Editor's note: in mid 2022 this restaurant moved to 54 Lamb's Conduit Street, WC1N 3LW.
This establishment is run by a husband and wife team. Sarit Packer worked as a pastry chef at Orrery, and Itamar Srulovich worked in several Tel Aviv restaurants (where the couple met) before moving to London. Ms Packer later worked for Yotam Ottolenghi as executive chef at Nopi. Together they prepare Middle Eastern food at their restaurant, which they opened in the summer of 2012 in a quiet street just off the Euston Road. The premises are simple, the tables small and packed together, with paper tablecloths and menus printed on recycled paper. There was a small selection of wines, such as Vrignaud Chablis 2013 at £30 compared to a shop price of £14, and Bruno Paillard champagne at £49 for a wine that retails at £39.
The winter menu began with a selection of small dishes. Falaffel with cianammon and sesame seeds with tahini was crisply fried but I found the filling rather unexciting, and overly dry (11/20). Radish and yoghurt salad was simple but pleasant (12/20), as was fairly creamy hummus (12/20). Tomato fatoush salad was the star dish, the toasted pita bread and tomatoes combining well, with what I think was some sumac livening it up (13/20).
Tabule (parsley, tomatoes, mint and onion) was pleasant (12/20). Carrot, butternut and tarragon fritters had a clean taste (12/20). Bread on the side was fine, as were pickles and olives. Roast chicken breast was served on a bed of freekah (usually spelt “freekeh”, a wheat grain) and winter greens, with a goat cheese dressing and pomegranate seeds, and a little mild red chilli. The chicken itself had little flavour but I liked the accompanying elements, the grain providing a nice textural contrast (12/20).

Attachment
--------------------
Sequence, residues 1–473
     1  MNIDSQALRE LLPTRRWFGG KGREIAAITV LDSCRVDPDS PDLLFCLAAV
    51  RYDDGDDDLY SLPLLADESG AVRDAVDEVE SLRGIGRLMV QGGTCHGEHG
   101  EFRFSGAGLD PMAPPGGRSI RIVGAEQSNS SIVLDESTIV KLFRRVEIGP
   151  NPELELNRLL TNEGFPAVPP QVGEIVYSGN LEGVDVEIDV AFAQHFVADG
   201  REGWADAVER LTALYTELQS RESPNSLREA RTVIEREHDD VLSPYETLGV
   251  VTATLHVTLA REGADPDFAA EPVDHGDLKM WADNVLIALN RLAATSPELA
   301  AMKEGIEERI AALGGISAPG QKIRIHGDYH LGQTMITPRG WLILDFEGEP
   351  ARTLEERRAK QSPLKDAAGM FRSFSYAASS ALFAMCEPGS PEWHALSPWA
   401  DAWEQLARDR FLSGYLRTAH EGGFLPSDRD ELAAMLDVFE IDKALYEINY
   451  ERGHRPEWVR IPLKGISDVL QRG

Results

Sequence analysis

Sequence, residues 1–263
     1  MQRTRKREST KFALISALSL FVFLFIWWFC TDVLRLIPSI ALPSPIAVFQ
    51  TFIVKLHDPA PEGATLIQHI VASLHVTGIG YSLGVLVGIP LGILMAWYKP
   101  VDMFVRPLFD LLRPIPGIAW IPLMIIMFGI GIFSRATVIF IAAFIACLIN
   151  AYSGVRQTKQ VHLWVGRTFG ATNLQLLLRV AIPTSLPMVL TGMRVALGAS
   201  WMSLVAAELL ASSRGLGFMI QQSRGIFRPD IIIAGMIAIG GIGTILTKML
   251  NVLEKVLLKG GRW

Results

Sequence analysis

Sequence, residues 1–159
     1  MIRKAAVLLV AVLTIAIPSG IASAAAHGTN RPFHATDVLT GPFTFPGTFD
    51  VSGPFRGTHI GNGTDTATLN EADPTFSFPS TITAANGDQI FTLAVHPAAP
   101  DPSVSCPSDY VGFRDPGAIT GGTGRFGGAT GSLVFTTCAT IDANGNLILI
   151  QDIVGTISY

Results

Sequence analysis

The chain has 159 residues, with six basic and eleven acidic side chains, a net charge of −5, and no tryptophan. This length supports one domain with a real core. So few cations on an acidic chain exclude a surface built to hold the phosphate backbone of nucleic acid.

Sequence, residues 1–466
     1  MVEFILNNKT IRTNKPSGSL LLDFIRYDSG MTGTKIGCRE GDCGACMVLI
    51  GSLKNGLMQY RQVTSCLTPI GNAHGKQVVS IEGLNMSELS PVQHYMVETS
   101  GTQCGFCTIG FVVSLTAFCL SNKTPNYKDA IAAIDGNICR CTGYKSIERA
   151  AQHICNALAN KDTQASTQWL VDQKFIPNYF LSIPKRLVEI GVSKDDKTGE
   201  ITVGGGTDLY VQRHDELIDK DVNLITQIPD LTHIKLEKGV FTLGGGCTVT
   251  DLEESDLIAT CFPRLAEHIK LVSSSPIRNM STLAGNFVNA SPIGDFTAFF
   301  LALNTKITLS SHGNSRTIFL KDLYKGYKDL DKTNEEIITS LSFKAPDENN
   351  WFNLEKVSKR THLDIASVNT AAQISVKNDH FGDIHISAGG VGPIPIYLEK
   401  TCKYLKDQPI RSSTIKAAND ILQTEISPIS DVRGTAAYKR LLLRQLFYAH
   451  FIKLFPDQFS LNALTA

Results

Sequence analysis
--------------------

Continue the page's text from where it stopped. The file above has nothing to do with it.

A cheesecake with kadaif pastry (cheese pastry soaked in sweet sugar-based syrup) used honey from nearby Regents Park, and had smooth texture (13/20). This was vastly better than a special of the day, a lemon cheesecake whose filling was OK but had an extremely acidic lemon topping whose mouth-puckering sourness overwhelmed the rest of the dish. I have rarely met a lemon dessert I have disliked but this did not work at all (8/20). The waitress seemed surprisingly untroubled about this when I explained the problem.
The bill was £31 a head before tip, with just water to drink. If you shared a bottle of wine then a typical bill might be £45 per person. Honey & Co was pleasant enough, though the cooking did not seem quite as refined as Nopi, and the one disappointing dessert was rather jarring given that the rest of the dishes were perfectly competent. The place clearly has its appeal, and tables were being turned even on this weekday lunch. However whenever I eat lunch at this sort of price a part of my memory nags away and reminds me that I could have gone to Alyn Williams and had a Michelin-starred three course meal for the same price (£30 at the time of writing). I was hoping for rather more from this particular taste of honey.